Practicing medicine can be both deeply satisfying and, at times, extraordinarily challenging. As physicians we tend to be perfectionists, holding expectations for ourselves that seem entirely appropriate given the often very high stakes for a flawless outcome. Yet physicians are human. We are prone to human error and we work within complicated systems that are also prone to error. The bottom line is that mistakes will happen. And while we do and must work toward minimizing both system and human error, it is critically important that we also attend to the emotional and psychological needs of physicians involved in adverse events. The challenge is, of course, how best to do this.
What I have helped to build at my institution, Brigham and Women’s Hospital, and what I advocate for at other institutions, is a peer-to-peer support program. Almost 10 years ago, several colleagues at our institution recognized that we needed to support clinicians involved in medical errors. We had outside training for a multidisciplinary group of us, and we began to develop a group peer support program. After about one year, we recognized that the program was working well for most of the members of teams impacted by adverse events, but that physician team members were not as well served by this program as the other professionals.
Being involved in an event that has caused patient harm can be emotionally devastating. The experience commonly results in feelings of sadness, shame, fear and isolation. One reality that we’ve discovered is that physicians are generally reluctant to proactively seek out support , our culture does not naturally support them. For this reason our program is structured such that we reach out to them. Whenever we hear of an adverse event (from risk management, safety reporting or from colleagues) we make an outreach call.
This involves training a core of physician supporters who are available as a resource when an adverse event occurs. Why physician colleagues and not mental health providers? It seems that physicians, when asked, prefer to receive support from a colleague who has “been there” and truly understands the nuances of the experience. And indeed we have found that discussing personal vulnerability and overcoming feelings of isolation are best accomplished through interaction with a caring, trained colleague. These interactions can be brief. Their significance and impact comes from normalizing what feels like a unique and isolating experience.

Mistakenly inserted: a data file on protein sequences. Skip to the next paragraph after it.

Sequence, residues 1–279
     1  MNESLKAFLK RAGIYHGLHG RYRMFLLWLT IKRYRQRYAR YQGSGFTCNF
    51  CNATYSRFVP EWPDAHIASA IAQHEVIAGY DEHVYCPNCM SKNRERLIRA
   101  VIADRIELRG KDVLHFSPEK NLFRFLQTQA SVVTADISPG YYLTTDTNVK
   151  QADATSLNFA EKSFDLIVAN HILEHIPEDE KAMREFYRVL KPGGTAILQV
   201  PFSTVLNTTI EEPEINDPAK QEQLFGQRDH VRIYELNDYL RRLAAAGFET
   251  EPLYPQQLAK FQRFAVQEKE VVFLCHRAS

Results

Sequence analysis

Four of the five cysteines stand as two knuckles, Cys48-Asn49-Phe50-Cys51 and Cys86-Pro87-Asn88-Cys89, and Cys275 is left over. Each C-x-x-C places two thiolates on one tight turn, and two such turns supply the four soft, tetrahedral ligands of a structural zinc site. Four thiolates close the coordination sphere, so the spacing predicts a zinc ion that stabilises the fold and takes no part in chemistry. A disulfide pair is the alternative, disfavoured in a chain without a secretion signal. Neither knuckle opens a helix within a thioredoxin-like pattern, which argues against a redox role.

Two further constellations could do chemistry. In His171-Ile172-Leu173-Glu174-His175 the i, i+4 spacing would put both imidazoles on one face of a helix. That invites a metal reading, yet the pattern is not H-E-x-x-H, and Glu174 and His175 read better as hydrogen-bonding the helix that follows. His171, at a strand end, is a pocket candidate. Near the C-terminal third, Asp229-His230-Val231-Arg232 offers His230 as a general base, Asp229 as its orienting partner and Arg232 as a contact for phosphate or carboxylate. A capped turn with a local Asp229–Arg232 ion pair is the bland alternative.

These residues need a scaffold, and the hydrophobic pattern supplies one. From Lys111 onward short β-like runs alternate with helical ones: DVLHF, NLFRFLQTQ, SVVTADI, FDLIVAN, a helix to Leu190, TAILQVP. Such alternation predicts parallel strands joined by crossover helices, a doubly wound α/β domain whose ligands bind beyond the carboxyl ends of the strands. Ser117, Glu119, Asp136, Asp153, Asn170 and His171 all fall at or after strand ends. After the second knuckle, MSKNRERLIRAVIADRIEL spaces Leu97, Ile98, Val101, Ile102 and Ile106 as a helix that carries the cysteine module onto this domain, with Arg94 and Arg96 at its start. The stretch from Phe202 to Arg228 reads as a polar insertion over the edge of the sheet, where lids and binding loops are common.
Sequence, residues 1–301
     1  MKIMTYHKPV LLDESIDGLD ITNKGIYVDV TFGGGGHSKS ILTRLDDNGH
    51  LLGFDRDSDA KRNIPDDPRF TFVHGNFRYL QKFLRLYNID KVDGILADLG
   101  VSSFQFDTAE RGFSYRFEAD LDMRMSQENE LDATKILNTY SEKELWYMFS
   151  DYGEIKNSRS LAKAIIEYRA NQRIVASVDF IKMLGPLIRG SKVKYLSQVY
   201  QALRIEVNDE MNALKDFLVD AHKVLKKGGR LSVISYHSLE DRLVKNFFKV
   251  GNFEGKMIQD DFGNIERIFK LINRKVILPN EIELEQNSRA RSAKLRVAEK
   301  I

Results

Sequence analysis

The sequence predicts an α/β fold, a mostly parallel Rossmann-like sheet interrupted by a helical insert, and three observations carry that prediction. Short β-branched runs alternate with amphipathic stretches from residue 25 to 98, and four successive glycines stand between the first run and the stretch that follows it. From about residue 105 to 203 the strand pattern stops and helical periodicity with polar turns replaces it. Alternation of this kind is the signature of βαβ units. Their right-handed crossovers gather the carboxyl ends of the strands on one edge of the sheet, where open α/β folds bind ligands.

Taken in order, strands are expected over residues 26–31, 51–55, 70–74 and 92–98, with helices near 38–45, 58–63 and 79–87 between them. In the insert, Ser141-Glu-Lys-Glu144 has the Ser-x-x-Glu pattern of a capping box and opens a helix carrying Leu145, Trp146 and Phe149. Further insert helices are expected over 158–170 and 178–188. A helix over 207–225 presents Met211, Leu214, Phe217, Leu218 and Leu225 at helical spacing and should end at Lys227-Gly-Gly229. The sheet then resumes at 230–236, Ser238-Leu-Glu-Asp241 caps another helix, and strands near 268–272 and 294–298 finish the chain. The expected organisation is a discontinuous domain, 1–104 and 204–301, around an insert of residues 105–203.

It’s important to say that when errors occur, our number one priority is to care for our patients and their families. Knowing this, we must not overlook the importance of also caring for ourselves. We cannot be fully available to our patients when we ourselves do not feel supported. And if this reality fails to make intuitive sense, there is ample evidence that emotional burnout has a direct and negative impact on patient care. And if we need more reason to care for the emotional needs of doctors, we need only look at the sobering statistics regarding the high rates of physician burnout, depression and suicide.
The need for adequate physician support to mitigate the impact ofadverse events seems clear to me. I have been approached by healthcare organizations across the country and as far afield as The Netherlands who understand this problem. They all see the need for institutional changes in order to create formal structures and programmatic initiatives to support physicians. There is tremendous healing power in true, empathic listening and sharing of a painful experience. This power can extend beyond the individuals involved and it can, over time, transform an institution’s culture.
My hope is that the physician culture will evolve to a place where we are more naturally supporting each other in informal ways, where we are less entrenched in our current ways of interacting. As Parker Palmer expressed so eloquently in The Courage to Teach: Exploring the Inner Landscape of a Teacher’s Life: “Relational trust is built on movements of the human heart such as empathy, commitment, compassion, patience, and the capacity to forgive.” Connecting our painful experiences with empathic others is, I believe, the first step toward forgiving ourselves for being human.
Dr. Shapiro serves as Chief, Division of Otolaryngology in the Department of Surgery at Brigham and Women’s Hospital (BWH) and is an associate professor of Otology and Laryngology at Harvard Medical School. She is also the founding director of the BWH Center for Professionalism and Peer Support.